One of my friends, one of the most natural, witty writers I actually personally know, finally caved to the trend and started his own blog, overcoming considerable fears that he was being unpleasantly narcissistic in writing publicly about himself. I'm still figuring out what role I want my blog to take, so I find his self-deprecating guilt about beginning a blog fascinating. For this reason I'm going to provide a few of my thoughts:
I think that if you are going to attempt to update many people about your life at once, then blogging is undeniably the preferable format. (As opposed to the mass e-mailing option some people prefer.) I consider blogging superior for three main reasons:
First, blogging allows your audience to come to you. When the author of an e-mail update selects who to send the e-mail to, he or she might exclude interested parties, or burden disinterested parties with too much information about their life. I would never e-mail someone to tell them: "Hey! sorry, I don't actually want to hear about your life!"; personal listserves are basically impossible to extract yourself from. But with a blog, you can just stop reading it, and no one is the wiser. Basically, a blog is just a diary until outside readers decide to visit it. It's more like an invitation, without social obligations.
Second, blog formats are more conscientious of reader's/friend's time. Monthly e-mailing tends to take the form of long, this-is-everything-I've-done-in-the-last-month! messages rather than pointed, theme-specific posts spread out over the days or weeks (like blog posts). I find the latter to be the obviously less daunting option. Maybe I'm showing my ADD generation affiliation, but reader-attention-span is a legitimate consideration for online communications, and in this respect blogging is clearly superior.
Third, pictures! The e-mail format does not allow for easy inclusion of pictures or illustrations, while the blog format does. Obvi!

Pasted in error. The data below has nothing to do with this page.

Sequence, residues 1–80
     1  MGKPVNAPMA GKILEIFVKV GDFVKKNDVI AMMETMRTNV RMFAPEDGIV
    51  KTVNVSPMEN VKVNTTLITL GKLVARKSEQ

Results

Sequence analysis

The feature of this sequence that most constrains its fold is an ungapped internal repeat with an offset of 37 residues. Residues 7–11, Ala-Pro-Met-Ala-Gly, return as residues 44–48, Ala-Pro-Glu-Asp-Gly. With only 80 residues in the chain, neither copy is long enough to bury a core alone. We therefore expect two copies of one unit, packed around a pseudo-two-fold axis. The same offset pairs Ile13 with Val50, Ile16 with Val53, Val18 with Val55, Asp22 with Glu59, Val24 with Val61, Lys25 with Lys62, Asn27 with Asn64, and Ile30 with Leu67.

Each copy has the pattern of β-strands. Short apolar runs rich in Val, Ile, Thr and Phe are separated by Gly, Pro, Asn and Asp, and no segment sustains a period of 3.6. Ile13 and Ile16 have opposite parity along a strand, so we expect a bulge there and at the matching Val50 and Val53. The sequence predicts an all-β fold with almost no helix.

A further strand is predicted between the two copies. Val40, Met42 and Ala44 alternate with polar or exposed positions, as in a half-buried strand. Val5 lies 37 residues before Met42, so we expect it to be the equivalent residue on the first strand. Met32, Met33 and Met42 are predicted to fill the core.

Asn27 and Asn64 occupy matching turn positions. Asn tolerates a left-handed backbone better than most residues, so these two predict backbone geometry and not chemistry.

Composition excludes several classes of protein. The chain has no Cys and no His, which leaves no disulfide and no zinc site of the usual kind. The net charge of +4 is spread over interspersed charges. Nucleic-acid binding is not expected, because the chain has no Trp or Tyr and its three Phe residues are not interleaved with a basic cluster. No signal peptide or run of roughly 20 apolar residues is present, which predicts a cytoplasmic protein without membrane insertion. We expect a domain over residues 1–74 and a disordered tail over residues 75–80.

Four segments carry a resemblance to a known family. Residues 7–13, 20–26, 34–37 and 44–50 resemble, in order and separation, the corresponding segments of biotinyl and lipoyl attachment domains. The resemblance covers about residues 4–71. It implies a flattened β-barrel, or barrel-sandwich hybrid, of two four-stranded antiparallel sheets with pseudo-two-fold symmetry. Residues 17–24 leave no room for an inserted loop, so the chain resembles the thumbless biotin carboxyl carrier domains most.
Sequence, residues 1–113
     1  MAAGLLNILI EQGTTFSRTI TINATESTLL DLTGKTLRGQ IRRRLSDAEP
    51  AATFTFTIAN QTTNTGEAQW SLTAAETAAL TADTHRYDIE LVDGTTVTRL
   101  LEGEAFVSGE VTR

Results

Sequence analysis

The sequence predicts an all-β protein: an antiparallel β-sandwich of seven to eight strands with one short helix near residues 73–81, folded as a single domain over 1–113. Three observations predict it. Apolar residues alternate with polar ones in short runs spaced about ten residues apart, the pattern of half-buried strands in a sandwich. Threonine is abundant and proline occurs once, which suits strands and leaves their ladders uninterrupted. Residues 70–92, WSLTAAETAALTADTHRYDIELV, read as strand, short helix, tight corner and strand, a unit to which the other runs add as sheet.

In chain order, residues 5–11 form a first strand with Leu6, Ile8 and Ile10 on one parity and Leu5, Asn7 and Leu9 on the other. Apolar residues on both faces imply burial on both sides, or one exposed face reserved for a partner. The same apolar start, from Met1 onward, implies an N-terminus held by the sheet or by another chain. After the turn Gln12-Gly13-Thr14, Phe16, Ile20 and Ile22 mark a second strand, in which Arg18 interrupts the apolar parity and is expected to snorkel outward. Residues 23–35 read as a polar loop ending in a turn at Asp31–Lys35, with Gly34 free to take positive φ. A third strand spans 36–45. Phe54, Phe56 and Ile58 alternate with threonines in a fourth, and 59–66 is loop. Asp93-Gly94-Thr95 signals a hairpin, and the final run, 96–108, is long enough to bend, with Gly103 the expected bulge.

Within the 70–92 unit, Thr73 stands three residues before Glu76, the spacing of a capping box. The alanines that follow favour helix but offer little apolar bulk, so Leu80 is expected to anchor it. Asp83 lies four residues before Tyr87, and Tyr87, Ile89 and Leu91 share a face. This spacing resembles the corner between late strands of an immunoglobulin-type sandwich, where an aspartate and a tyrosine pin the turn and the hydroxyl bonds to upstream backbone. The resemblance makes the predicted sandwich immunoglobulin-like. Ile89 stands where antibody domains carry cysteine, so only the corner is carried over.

Next, the friend in question, (let's call him Winston), feels considerable guilt with using the pronoun "I" in his writing. For example: "It makes me feel enormously self-conscious; it’s like a giant pimple on the face of one’s writing." While this viewpoint is extraordinarily, charmingly self-deprecating, I would posit that as long as the author of any personal blog attempts (and this is crucial) to draw conclusions from their personal experiences that would be relevant to a wider audience, and remains humble as to the impact of their opinions, then there is no harm done. After all, didn't the wise men say: "write what you know"?
Finally, my good friend "Winston" states that one of the underlying themes of his blog is to encourage and foster his friendships. This is where my musings run aground. I, too, stated this as one of my objectives when I started my blog, but it hasn't been clear to me whether I've made anyone feel connected to me and vice versa through my blog. I don't feel like I'm sparking two-way conversations with friends on this end.
But then, I can think of two relationships in particular that have been fostered through my ability to read their blogs. Both blogs are incredibly important to me because of the connection they created. I also know that I feel fostered and inspired by the various crafting blogs I follow. So I'm not giving up on the format just yet.